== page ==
There’s a way to redeem himself: get Taylor Swift tickets. And he does it, but he oversteps and buys a ticket for Tiff as well, and when he asks if she wants to come along, she’s forced to reveal the news she’s been keeping from him, knowing it’ll break his heart: Her new boyfriend has proposed, and she said yes. This happens in “Forks,” an episode that’s designed to strip Richie down to the studs. He’s been bounced down to a glorified internship at the best restaurant in Chicago, where he’s relegated to polishing cutlery. He’s lost his wife and been exiled from his job, and he can’t even wipe down a fork without screwing it up. But over the course of a week, Richie builds himself back up, and when he’s finally feeling good about himself, he knows just how to celebrate. He gets into his car, steps on the gas, and cranks up Taylor Swift’s “Love Story.”

There’s a moment in “Love Story,” taken from Swift’s 2008 album Fearless, that gets me every time. The song, written when Swift was still a teenager, is a romantic fantasy about young lovers, overheated enough to actually name-drop Romeo and Juliet. But it’s a fantasy that almost doesn’t come true. The girl knows what she wants, and the boy knows it too, but he can’t quite muster the nerve to follow through. She all but lays out a road map for him, and yet he’s still on the verge of blowing it. “I got tired of waiting,” she sings. “My faith in you was fading.” Then, just when she’s about to throw in the towel, he finally comes through: drops to one knee, pulls out a ring, the whole nine yards. The song’s key changes, and it feels like a dam bursting, unleashing everything he’s been holding back for no good reason. He’s finally the man they both dreamed he could be.

When Richie starts singing along to “Love Story,” after untold drop-offs and pickups, he knows the words by heart—it’s enough to raise his spirits but not to quell his anger. (“Fucking drive!” he yells at an unseen offender.) But then that key change hits, just as his car crests a rise in the road, and for just a moment, he’s flying. The outside sounds fall away, and it’s just him and the song, the one that tells him there’s still a chance to make things right. There’s something in this teenage girl’s words that this 45-year-old man still needs to hear—that, as another character tells him near the end of the episode, “it’s never too late to start over.”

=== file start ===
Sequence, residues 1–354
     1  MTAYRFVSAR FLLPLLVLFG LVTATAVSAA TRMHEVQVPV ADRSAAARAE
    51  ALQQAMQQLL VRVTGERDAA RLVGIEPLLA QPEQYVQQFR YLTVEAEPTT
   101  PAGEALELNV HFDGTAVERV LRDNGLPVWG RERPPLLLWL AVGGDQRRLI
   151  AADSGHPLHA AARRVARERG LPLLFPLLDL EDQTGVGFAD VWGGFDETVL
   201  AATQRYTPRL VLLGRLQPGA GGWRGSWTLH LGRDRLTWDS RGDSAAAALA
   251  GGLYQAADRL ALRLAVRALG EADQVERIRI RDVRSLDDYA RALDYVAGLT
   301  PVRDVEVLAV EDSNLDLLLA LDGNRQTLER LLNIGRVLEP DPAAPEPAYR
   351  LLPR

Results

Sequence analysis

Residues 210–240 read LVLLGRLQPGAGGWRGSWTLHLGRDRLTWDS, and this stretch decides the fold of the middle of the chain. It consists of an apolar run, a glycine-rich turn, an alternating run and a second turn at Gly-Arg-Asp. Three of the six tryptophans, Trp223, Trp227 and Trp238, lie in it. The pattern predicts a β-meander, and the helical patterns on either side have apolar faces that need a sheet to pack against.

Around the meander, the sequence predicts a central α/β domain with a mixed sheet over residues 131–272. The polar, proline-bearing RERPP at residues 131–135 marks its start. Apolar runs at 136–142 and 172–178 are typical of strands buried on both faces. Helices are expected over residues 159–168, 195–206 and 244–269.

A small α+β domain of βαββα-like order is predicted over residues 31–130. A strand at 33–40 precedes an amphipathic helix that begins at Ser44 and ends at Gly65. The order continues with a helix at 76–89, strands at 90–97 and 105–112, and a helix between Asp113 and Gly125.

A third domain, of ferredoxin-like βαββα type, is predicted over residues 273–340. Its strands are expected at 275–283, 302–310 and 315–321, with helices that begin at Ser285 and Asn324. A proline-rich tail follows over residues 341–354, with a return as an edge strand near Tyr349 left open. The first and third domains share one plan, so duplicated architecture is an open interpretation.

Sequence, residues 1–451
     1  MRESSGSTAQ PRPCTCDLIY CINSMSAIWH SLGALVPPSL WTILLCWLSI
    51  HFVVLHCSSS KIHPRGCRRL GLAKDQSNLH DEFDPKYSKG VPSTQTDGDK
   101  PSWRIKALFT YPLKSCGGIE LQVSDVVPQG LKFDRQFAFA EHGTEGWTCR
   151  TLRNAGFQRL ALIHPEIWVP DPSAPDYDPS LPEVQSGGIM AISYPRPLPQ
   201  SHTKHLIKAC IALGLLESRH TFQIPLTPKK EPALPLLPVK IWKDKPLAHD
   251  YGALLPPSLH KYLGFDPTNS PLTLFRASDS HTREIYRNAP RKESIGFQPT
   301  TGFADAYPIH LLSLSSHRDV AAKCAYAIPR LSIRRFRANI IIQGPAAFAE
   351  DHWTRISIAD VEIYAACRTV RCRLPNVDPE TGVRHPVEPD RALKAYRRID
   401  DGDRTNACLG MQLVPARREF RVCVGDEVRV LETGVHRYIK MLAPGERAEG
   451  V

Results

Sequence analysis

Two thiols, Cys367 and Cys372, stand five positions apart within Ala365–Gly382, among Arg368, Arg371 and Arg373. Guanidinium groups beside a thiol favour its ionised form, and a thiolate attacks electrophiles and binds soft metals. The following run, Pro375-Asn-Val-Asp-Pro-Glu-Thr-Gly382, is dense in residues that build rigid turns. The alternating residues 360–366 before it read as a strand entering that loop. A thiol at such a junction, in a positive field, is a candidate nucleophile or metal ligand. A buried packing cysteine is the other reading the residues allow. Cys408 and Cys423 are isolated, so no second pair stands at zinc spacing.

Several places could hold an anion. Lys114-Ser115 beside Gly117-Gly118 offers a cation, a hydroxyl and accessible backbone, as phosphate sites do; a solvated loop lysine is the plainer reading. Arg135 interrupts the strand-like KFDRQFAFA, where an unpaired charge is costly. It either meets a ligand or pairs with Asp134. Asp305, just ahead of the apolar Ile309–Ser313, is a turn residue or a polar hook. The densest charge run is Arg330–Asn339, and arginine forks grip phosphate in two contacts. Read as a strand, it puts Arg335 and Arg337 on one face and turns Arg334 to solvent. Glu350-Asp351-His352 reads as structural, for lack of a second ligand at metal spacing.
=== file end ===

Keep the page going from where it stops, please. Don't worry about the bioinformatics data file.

It may never be too late, but outside the realm of fairy tales, women run out of patience—not least Taylor Swift herself. “All Too Well,” which she wrote three years later, is a song about a man who missed his window: She waits, he blows it, and she moves on. If “Love Story” tells Richie he’s still got a shot, “All Too Well” reminds The Fall Guy’s Colt that he’s close to throwing his away. It might not be too late, but it’s getting there.

Like Richie, Colt has been stuck, needing to say something but unable to say it. His ex-girlfriend has created an entire movie about their relationship, filtered through the story of a taciturn interstellar cowboy and the alien woman he abandons. (In other words, Metalstorm is her “All Too Well.”) But he can barely mumble an apology. It takes a song to remind him there are worse things than forcing yourself to put the way you feel into words—worse things like letting your attachment to your own manliness ruin your best shot at happiness.

Reviews of The Tortured Poets Department have criticized Swift for doing both too much and not enough, pouring forth her feelings without vetting them for quality first. But a Swift without cringe is no Swift at all. She’s always walked close to, and often stepped over, the line that separates confessional songwriting from Instagram poetry, and part of the gift she gives her fans is the permission to be moved by both—to embrace feelings that might, in a less forgiving context, feel corny or silly or immature. When you listen to Taylor Swift, it’s OK to believe in fairy tales, no matter how long ago you think you should have outgrown them.

In real life, Gosling and Moss-Bachrach have hedged on their own Swiftiedom: Moss-Bachrach has alternately claimed to be both a fan and not, and although Gosling has asserted his allegiance, he seems hard-pressed to name a song beyond the one on his movie’s soundtrack. Whatever their hearts truly say, they could stand to take a few pointers from Paul Rudd, who never holds back about how much he loves her music, which just makes the onetime Sexiest Man Alive seem even sexier now. If football players and Marvel heroes can do it, they can too.